- By John HudsonJohn Hudson is a senior reporter at Foreign Policy, where he covers diplomacy and national security issues in Washington. He has reported from several geopolitical hotspots, including Ukraine, Pakistan, Malaysia, China, and Georgia. Prior to joining FP, John covered politics and global affairs for the Atlantic magazine’s news blog, the Atlantic Wire. In 2008, he covered the August war between Russia and Georgia from Tbilisi and the breakaway region of Abkhazia. He has appeared on CNN, MSNBC, BBC, C-SPAN, Fox News radio, Al Jazeera, and other broadcast outlets. He has been with the magazine since 2013.
Is the Obama administration’s new missile defense initiative a direct response to North Korean threats — or the culmination of a secretive deal between Barack Obama and Vladimir Putin to scale back America’s defense apparatus?
According to Congressman Mike Turner, the administration’s cancellation of the final phase of a missile defense system in Europe on Friday is vindication of his warnings about Obama’s “secret deal with the Russians.”
“We watched the president state to Medvedev that he would have greater flexibility after the election,” Turner told Foreign Policy on Sunday night. “Putin later announced the terms of the agreement. You’d have to conclude that there was a deal.”
The Ohio Republican was referring to a “hot mic” exchange between Obama and then-Russian President Dmitry Medvedev at a nuclear security summit in South Korea last March. “After my election I have more flexibility,” the president told Medvedev, referring to ongoing discussions about missile defense. “I understand,” replied Medvedev. “I transmit this information to Vladimir.”
Since the incident, the administration has steadfastly denied ever plotting a secret deal with Putin. Additionally, on Friday, when the Pentagon announced the cancellation of some Europe-based defenses as part of a reallocation of resources to protect against North Korea, Pentagon spokesman George Little rejected the notion that the plan had anything to do with Russia. “The missile defense decisions Secretary Hagel announced were in no way about Russia,” he said.
But Turner said his warnings had been vindicated, and went on to lament that the president’s “secret deal,” which he referred to matter-of-factly, elicited no apparent concessions from Russia.
“The problem with the president’s secret deal with the Russians is we never understood what we were going to get out of it,” Turner told FP. “The president clearly has abandoned the shield that the Russians opposed and we’re left with the U.S. having greater exposure to North Korea and Iran without any benefit.”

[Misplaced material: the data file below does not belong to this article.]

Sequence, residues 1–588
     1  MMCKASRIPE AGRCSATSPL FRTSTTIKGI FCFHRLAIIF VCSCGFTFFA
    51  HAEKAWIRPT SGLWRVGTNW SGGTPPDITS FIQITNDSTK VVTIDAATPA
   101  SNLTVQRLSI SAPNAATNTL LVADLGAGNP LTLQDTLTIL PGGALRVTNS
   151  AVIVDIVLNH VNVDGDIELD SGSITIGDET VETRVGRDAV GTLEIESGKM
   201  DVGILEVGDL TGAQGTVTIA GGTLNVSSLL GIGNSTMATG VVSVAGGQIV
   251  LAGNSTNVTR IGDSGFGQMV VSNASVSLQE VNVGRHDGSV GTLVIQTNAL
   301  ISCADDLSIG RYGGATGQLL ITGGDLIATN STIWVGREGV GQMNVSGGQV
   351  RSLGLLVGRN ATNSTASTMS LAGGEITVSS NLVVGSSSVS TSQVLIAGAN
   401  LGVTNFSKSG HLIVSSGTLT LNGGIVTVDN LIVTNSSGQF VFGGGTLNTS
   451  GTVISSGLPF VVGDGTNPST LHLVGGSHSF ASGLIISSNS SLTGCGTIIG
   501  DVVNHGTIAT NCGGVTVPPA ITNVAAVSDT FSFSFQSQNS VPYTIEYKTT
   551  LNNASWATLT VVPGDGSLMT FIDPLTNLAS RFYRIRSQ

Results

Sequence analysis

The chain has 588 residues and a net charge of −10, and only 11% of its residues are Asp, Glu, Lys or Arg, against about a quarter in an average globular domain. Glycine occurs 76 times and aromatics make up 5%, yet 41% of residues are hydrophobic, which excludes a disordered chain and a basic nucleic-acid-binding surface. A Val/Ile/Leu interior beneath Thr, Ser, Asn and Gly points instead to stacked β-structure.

In the wake of the hot mic incident last March, a number of Republicans, including GOP presidential candidate Mitt Romney, joined Turner in criticizing the president. But after a spate of White House denials, the issue died down. On Sunday, Republicans even spoke favorably of the president’s realignment of missile defenses against North Korea. “I think it’s really good that we’re taking those precautionary measures to make sure that they cannot do damage,” Tennessee Senator Bob Corker said on Fox News Sunday. Michigan Congressman Mike Rogers told CNN that “this is something that we have to take seriously.”
But Turner has never lost sight of the so-called “secret deal” between Obama and Putin.
In June, he delivered an address on the House floor, saying “the issue of the president’s secret deal with the Russians is not one open to interpretation.” His office then issued a press release featuring a spreadsheet that documented the various events at which U.S. and Russian officials had met, suggesting the continuation of secret missile negotiations.
He also released a video that spliced together clips of himself repeating the words “secret deal” on the House floor.
On Sunday, Turner pledged to “call for hearings in the Armed Services Committee” to increase scrutiny of the “secret deal.” When asked if he believed the entire North Korea realignment was a White House red herring to implement the alleged deal, Turner said “it’s certainly possible.”
Rejecting Turner’s allegations, White House spokeswoman Caitlin Hayden reiterated that the president’s decisions on this matter had nothing to do with Russia. “They were made based on technological developments and an increased threat of ballistic missiles from North Korea,” she said.